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’Hijaab Scrutinised. The Social ’Hijaab:The slaves of Allaah & The Slaves of the Society (Part 2/4)

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In this series, Hayat Alyaqout scrutinises the ’hijaab and touches upon several themes such as the religious authenticity of the ’hijaab, the overlap between the ’hijaab as a religious practice and the ’hijaab as a social practice, how men have their own ’hijaab too, and the philosophy of the ’hijaab in relation to the social notion of beauty.


Noticing the Dichotomy

Many Muslims and non-Muslims always bring up examples of women who wear the ’hijaab and in the same time lack a lot ethically and intellectually. The immediate and usual answer most of us usually if not always use is that “mixing between the idea (religion) and the practice (believers’ actions) is not healthy”, that “there is a gap between what is present and what should be”, and that “generalisation leads to intellectual immobilisation.” These are all defensive and justificatory clichés, and if we really want to think soundly, we should not then deny that the ’hijaab is blemished or find justification for that, but we rather need an honest and objective quest to know why was it blemished and how it can be remedied.

Decoding the Dichotomy

The ’hijaab, just like many aspects of Islaam, can have a “social version”; there could be social prayer in which the performer prays not for Allaah’s sake but for the sake of society and the same can be extended to fasting and charity giving. In the case of the ’hijaab another dimension can be added; some society see the ’hijaab is a tradition that women should wear not because it has a deep philosophy, but because a woman is a devilish creature because of whom Adam (peace be upon him) was kicked out of the heaven and thus should be concealed, excluded, curbed and curtailed. This mindset apparently cannot convince women with its twited philosophy of the ’hijaab and it thus imposes it on them. In this case, donning the ’hijaab become an act of submission to not Allah, but to the oppressive backward societal expectations.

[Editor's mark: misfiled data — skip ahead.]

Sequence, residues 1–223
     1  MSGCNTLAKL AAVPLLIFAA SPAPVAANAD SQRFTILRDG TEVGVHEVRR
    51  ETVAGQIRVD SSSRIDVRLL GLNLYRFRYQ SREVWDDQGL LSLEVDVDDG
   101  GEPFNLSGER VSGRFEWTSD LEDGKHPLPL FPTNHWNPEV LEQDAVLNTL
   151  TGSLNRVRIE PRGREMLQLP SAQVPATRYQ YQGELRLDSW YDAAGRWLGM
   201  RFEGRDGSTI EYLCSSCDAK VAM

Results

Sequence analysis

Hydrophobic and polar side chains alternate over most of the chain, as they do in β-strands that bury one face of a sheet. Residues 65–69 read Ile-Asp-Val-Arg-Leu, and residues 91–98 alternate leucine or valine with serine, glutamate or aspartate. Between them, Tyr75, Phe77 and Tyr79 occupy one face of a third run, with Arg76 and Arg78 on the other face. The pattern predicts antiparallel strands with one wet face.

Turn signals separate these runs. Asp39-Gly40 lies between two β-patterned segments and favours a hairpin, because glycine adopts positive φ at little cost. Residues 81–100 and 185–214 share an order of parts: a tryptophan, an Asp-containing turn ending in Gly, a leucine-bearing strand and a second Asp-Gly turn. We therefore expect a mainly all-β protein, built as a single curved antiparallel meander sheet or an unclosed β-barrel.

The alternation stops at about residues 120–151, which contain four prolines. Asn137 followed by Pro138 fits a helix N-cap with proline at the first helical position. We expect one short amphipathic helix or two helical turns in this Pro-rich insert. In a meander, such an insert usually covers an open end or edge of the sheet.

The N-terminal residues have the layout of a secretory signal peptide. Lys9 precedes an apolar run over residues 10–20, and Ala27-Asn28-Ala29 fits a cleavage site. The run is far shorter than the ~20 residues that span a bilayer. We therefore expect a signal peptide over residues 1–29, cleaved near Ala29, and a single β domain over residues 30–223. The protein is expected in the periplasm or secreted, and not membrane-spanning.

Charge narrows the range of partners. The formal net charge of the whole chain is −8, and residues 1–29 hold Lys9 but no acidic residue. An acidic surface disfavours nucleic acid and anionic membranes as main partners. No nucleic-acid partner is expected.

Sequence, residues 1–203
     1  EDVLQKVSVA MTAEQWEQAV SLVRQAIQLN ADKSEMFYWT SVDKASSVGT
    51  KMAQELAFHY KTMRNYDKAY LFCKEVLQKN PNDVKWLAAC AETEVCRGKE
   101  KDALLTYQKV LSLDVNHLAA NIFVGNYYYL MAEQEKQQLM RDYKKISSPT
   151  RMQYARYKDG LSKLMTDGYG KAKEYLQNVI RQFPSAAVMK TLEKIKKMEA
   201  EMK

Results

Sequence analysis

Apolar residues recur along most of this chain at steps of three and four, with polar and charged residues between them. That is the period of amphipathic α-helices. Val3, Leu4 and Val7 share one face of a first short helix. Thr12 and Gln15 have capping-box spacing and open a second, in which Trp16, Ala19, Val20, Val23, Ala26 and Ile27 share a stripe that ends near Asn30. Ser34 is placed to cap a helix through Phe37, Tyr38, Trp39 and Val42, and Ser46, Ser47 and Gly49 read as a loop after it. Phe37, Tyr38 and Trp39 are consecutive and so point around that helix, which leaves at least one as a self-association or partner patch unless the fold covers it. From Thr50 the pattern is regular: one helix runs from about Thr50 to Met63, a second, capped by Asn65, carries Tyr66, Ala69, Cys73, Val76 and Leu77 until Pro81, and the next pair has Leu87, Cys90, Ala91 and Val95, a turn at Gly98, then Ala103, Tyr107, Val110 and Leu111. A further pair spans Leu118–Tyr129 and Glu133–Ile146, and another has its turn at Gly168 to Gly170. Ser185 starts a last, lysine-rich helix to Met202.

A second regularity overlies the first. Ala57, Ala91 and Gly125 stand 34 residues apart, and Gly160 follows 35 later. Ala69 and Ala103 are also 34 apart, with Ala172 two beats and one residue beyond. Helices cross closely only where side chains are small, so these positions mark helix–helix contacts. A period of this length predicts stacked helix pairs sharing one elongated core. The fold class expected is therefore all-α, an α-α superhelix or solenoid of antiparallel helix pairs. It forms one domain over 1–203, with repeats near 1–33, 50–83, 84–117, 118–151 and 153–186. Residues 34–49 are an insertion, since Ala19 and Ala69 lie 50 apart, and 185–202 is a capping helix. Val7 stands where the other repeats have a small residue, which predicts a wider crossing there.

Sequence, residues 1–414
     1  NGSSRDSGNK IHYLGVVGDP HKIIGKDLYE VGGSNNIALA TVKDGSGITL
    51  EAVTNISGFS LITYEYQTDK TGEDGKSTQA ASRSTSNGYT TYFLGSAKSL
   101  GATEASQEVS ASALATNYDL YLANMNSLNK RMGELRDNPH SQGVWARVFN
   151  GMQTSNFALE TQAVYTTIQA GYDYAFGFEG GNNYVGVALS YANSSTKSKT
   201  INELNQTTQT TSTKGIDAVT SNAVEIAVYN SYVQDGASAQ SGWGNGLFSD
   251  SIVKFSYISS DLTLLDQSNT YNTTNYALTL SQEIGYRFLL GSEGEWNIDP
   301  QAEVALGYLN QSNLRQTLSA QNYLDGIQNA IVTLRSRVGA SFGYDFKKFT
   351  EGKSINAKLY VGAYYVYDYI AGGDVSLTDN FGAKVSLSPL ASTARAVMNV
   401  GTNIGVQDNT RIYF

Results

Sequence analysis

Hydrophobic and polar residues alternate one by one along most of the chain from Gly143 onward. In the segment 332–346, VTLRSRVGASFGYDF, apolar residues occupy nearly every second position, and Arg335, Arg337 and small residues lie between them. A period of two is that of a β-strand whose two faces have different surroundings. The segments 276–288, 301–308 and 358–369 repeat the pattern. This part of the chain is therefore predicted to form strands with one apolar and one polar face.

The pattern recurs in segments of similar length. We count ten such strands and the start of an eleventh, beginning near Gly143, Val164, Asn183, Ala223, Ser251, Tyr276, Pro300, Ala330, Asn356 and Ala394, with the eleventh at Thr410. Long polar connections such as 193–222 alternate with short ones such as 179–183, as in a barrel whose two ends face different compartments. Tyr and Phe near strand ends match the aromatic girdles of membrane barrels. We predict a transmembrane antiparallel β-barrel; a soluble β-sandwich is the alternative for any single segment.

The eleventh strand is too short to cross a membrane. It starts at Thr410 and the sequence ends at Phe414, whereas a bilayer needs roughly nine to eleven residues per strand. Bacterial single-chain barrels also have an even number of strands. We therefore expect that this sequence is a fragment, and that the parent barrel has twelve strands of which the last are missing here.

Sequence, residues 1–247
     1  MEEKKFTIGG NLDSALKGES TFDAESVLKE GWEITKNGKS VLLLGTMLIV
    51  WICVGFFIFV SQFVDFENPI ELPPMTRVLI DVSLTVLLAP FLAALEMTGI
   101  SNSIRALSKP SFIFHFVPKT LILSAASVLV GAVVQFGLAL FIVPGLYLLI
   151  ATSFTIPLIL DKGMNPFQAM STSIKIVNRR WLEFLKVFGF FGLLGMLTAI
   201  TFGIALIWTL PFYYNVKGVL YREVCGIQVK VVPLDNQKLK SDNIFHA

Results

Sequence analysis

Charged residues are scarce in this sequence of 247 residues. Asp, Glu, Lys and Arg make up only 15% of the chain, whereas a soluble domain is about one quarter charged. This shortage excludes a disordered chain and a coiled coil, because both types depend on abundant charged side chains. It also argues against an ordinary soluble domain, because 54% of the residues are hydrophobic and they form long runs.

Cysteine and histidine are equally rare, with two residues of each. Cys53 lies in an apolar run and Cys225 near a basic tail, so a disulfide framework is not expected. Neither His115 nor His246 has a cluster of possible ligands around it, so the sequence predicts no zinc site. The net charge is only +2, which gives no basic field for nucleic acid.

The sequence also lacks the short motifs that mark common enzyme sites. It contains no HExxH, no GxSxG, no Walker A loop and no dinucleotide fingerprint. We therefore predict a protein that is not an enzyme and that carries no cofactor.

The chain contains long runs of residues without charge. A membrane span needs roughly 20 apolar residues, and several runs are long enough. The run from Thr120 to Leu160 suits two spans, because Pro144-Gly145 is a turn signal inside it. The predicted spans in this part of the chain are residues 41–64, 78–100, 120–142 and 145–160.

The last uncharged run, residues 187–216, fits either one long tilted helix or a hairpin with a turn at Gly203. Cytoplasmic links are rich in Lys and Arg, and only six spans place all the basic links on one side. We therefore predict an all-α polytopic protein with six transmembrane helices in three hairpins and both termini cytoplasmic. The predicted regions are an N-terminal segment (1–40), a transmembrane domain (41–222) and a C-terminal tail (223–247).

It’s a psychological axiom that when a person is forced to do something he/she is not willing or convinced to do and he/ she cannot untether himself/ herself of it, then the person – on a subconscious level most of the time – seeks to destroy and tarnish the reputation of that imposed practise. And that what explains why some ’hijaabi women code of ethics is cacophonous to Islaam’s regulations. That’s how the dichotomy builds up and comes to life.

The ’hijaab has two intertwined sides: a way of dressing, and an understanding to why this way of dressing is practised. In the social ’hijaab the first side only is present and the mayhem begins here for “seeing Is believing” and with the proliferation of the social ’hijaab people start building stereotypes and impressioms about the ’hijaab, and when it comes to impressions, we do not have a second chance to make a first impression.

Might is not always right, and the ’hijaab that is imposed by the some ironclad social traditions should not be differentiated from the ’hijaab that is imposed by the power of the law; both of them lead to the same dire consequences. Allaah in the Holy ’Qura~n says, “Let there be no compulsion in religion. Truth stands out clear from Error” (The Holy ’Qura~n, [T.M.Q.] chapter of Alba’qarah, verse 256). It is thus not acceptable that any religious practise on the individual level is imposed; imagine that people are forced to pray or fast against their wills, this would be the easiest way to create grudgegful hypocrites who would eventually spare not effort to revenge for their confiscated will. The philosophy of the otherworldly reward in the heaven is that we human beings had a relative will in this life, and if we employ it in the right way, we are then rewarded in the heaven by grating us a greater level of will by which we can wish for anything we want and it comes true, “We are your protectors in this life and in the Hereafter: therein you shall have all that your souls shall desire; therein you shall have all that ye ask for.” (The Holy ’Qura~n, [T.M.Q.] chapter of Fu’sillat, verse 31). So, it’s people’s right to choose for they are the ones who will either be rewarded or punished for their actions which should be voluntary.

Why Survive While You Can Thrive?

Nothing dispels the awful stereotypes that encircles the ’hijaab better than leadership by example. Those women who wear the ’hijaab and are convinced with what they do should get out of their shells and market the ’hijaab! The ’hijaab is the path of emancipation that enables women not only survive in a materialistic world, but also to thrive. ’Hijaabi women can be independent, successful and active not in spite of their ’hijaab but by the virtue of it.

In the Next Issues:

Part 3: Men’s ’Hijaab: Justice Not Equity
Part 4: The Beauty of ’Hijaab in Concealing “Beauty”

Hayat Alyaqout -

Hayat Alyaqout [’Hayaat Alyaa’qoot] is a freelance writer and the editor-in-chief of Nashiri E-publishing House. She earned a summa cum laude for her B.A. in political science and English language from Kuwait University.Read More >>

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Last Updated on Sunday, 23 August 2009 22:43  

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